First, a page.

District court divvies up $285,000 in California case

By MATEUSZ PERKOWSKI

Capital Press

The National Milk Producers Federation has settled a legal dispute over payments to an indebted California dairy farm.

The federation's Cooperatives Working Together program had agreed to pay out about $285,000 to the Coelho Dairy in Merced, Calif., in return for retiring a herd of 240 cows.

The program is intended to reduce overall U.S. milk supplies, thereby stabilizing prices to farmers.

After the federation agreed to the payment, feed suppliers and other creditors asserted multiple claims on the herd-retirement funds, alleging the dairy owed them more than $670,000 altogether.

Since the federation could not verify which claims were valid or which creditors had priority, the funds were turned over to a federal district court in California.

As part of the settlement agreement, approved by a federal district judge on Oct. 2, the A.L. Gilbert Co., a dairy feed manufacturer, will receive about $163,000 of the herd retirement funds.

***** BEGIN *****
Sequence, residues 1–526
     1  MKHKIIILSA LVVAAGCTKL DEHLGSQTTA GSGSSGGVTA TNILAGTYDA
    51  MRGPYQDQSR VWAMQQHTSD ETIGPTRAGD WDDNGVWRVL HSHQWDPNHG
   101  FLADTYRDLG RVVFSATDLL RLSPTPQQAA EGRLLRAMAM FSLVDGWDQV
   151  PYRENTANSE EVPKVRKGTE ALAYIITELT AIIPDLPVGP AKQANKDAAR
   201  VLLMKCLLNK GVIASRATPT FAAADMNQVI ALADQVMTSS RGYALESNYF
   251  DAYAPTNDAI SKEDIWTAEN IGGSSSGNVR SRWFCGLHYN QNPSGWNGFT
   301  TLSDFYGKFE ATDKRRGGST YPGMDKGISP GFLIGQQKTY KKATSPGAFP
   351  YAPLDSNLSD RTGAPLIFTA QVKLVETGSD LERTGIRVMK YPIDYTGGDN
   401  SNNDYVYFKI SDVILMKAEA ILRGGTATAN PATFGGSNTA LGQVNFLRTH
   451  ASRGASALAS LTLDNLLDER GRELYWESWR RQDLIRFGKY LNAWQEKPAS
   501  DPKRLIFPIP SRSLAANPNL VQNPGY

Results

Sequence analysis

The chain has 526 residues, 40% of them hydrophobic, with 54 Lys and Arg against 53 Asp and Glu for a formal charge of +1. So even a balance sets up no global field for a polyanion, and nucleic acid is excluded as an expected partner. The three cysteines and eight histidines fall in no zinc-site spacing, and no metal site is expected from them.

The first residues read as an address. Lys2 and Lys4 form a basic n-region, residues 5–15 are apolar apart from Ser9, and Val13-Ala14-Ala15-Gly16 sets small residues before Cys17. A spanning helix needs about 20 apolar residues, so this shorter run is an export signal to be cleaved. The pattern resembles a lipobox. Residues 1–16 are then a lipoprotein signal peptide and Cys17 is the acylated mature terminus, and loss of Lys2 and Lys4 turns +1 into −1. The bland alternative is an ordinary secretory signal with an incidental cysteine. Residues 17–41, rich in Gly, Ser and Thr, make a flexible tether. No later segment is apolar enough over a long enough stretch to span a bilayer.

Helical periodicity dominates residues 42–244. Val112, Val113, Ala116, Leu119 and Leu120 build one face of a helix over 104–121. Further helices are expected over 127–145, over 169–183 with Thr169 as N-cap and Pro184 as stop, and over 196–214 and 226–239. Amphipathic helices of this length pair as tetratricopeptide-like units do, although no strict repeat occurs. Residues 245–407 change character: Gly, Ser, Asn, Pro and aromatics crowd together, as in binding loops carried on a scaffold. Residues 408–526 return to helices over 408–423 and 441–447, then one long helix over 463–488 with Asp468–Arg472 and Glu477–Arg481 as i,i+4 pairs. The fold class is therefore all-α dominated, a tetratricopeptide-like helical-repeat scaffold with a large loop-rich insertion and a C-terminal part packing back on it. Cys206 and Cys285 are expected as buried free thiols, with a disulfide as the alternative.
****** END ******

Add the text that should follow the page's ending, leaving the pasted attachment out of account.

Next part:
Another creditor, Valentino Rocha, will receive about $108,000, and nearly $14,000 will be returned to the CWT program in compensation for legal costs.

The program is also freed from any liability arising from the case.

Many California dairy farms have taken on tremendous debt in past year, with producers experiencing average losses of about $100 per cow each month through mid-September, said Michael Marsh, CEO of Western United Dairymen.

Production costs have now fallen to about $14 to $15 per hundredweight of milk, down from more than $18 per hundredweight earlier in the year, he said.

Meanwhile, milk prices are expected to top $12 per hundredweight in November, up from $10 per hundredweight earlier in the year, Marsh said.

"It seems the losses are smaller," he said.

Even so, the levels of indebtedness in the industry are continuing to weigh heavily on feed suppliers and other companies that cater to dairy farms, he said.

"It still is an issue. Folks just got so far behind, they're not caught up. The financial hole that we've got here is like a huge crater," Marsh said.

Problems in the dairy industry have a chain reaction on suppliers and their workers, aggravating unemployment in several areas, he said. "It ripples throughout the community."

Staff writer Mateusz Perkowski is based in Salem, Ore. E-mail: mperkowski@capitalpress.com.

Recommended for you